Michigan-LSU clash means Kim vs. Kim III in March Madness
BATON ROUGE, Louisiana —
LSU coach Kim Mulkey’s admiration for the effort Michigan coach Kim Barnes Arico extracts from his players was summed up in a short video clip that Mulkey thought the Tigers needed to see.
Michigan goaltender Leigha Brown’s diving attempt to recover a loose ball on the hardwood in the Wolverines’ first-round NCAA Women’s Tournament triumph over UNLV meant nothing on the stat sheet; Brown was unable to stop the ball from rolling out of bounds.
But it meant a lot to Mulkey and Barnes Arico as they prepared for a second-round tilt between No. 3 seed LSU (29-2) and sixth seed Michigan (23-9) on Sunday night – a match that could be billed as “Kim vs. Kim III.”
“I’m glad that, you know, they’ve seen, and the rest of the world has seen, that our team is willing to sell out and sacrifice and make these types of plays, because we believe those could be the difference,” Barnes Arico said after learning Mulkey highlighted Brown’s dive while LSU reviewed video of Michigan’s game action. “Teams coached by LSU and Kim, they will play the same way. And our children will know it. And they will be aware of it. »
LSU guard Alexis Morris got the message when Mulkey played Brown’s clip.
“We know we just have to have some toughness with ourselves on Sunday,” Morris said. “We have to get those 50-50 balls – you know, do the dirty work that people don’t like to do.”
Barnes Arico knows what it’s like to face Mulkey because she’s done it twice in the previous four NCAA tournaments – in 2018 and 2021, when Mulkey was at Baylor.
Baylor won the first of those encounters, 80-58, in the second round. Their 2021 third-round encounter ended in overtime before the Bears emerged with a 78-75 win.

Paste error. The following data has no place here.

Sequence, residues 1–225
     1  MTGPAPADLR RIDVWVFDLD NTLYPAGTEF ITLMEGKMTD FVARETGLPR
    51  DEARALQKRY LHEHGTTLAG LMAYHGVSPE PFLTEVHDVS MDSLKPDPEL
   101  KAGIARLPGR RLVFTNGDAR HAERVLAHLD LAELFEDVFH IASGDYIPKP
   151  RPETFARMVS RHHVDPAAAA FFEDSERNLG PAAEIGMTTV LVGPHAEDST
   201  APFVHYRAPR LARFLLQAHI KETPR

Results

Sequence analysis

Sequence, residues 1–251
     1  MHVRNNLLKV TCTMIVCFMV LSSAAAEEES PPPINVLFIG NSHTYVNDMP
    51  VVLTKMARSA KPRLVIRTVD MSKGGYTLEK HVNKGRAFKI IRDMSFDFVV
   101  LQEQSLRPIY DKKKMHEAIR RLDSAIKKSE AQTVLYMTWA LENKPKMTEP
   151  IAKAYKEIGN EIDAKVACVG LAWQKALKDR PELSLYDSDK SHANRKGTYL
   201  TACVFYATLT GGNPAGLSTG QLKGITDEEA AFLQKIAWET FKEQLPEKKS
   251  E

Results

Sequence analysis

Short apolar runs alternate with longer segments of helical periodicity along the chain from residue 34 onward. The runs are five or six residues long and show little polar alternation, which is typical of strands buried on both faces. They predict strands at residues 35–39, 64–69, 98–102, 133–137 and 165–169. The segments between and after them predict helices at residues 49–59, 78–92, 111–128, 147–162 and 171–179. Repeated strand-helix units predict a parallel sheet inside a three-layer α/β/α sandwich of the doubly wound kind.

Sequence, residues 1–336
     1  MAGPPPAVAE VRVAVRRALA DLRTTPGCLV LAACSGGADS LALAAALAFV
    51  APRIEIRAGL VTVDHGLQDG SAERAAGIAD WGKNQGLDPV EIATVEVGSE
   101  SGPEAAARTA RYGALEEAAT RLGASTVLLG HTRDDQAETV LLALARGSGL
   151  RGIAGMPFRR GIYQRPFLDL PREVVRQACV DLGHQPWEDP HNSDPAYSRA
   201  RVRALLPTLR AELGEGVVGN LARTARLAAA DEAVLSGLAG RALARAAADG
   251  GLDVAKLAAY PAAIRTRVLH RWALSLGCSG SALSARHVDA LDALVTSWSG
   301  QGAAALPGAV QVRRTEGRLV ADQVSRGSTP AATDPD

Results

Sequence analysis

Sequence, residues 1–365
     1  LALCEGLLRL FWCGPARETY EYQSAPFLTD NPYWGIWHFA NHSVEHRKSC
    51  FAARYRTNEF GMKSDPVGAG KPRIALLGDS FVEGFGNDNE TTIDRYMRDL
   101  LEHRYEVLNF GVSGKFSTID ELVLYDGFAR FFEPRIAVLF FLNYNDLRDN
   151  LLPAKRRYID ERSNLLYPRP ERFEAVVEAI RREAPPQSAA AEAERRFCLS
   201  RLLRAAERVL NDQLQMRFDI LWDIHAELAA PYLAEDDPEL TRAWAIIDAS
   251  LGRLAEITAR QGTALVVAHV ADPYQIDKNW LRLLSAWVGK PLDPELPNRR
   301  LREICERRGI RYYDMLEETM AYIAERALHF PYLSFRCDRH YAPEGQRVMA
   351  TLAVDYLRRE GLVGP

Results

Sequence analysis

Several top Michigan executives — Brown, Emily Kiser and Maddie Nolan — played in that 2021 meeting, and Brown recalled Mulkey complimenting the Wolverines on how hard they played.
“It really meant a lot to us and I know it really means a lot to Arico’s coach,” Brown said. “I know there is mutual respect.”
Mulkey summed up his appreciation for Barnes Arico this way: “She’s one of the good ones. Good trainer. Good person. A good mother. Good wife. I hate that we have to play against each other.
Much of LSU’s success this season has been down to the prolific play of 6-foot-3 All-America forward Angel Reese, whose combination of height, speed, and ball skill make her one of the most successful players in the game. most dynamic in the country.
His 34 points – which tied Marie Ferdinand’s 2001 record for scoring in an NCAA Tournament game – and 15 rebounds led LSU to a 73-50 first-round win over Hawaii.
But Reese pointed out that his chemistry with 6-4 center LaDazhia Williams — whose calm demeanor contrasts with Reese’s outspoken and expressive — is a key part of LSU’s usual dominance in the paint.
“People underestimate LaDazhia’s skills because the light enlightened me a lot,” Reese said. “But, I mean, she’s very successful and doing a lot of great things that people don’t see.”
Reese, a transfer from Maryland, and Williams, who transferred from Missouri, said they spent a lot of time last summer building their chemistry playing basketball.
“We know how to get the ball to each other,” Reese said. “We know how to get good shots.”
Barnes-Arico laughed when asked if she had planned an outfit for the match against Mulkey, who is known for wearing high heels and flashy outfits.
“Oh my God,” Barnes Arico began. “I can’t keep up this pace. I don’t know how she does it.
During Friday’s first-round matches, Mulkey wore a white top with multicolored sequin-laden trim. The front of the top read “Kiss me, I’m a queen”, which Mulkey clarified was not a reference to her, but to the name of the company (Queen of Sparkles) that made the outfit.
Barnes Arico wore a dark blue crew neck with Michigan’s “M” branding across the chest and corn pants, with comfortable shoes (Jordan Brand).
Barnes Arico wore heels and dressed more for the games.
“And then COVID hit and I was like, ‘Oh my God, my feet feel so good and my legs aren’t screaming at the end of the night. I no longer wake up with calf pain,” recalls Barnes Arico.
But she admitted she had “something special” planned for the second-round match.
“I won’t be Kim. No one is Kim. I’m the other Kim,” she continued. “But no one is Mulkey. So she has her own look and it works for her.
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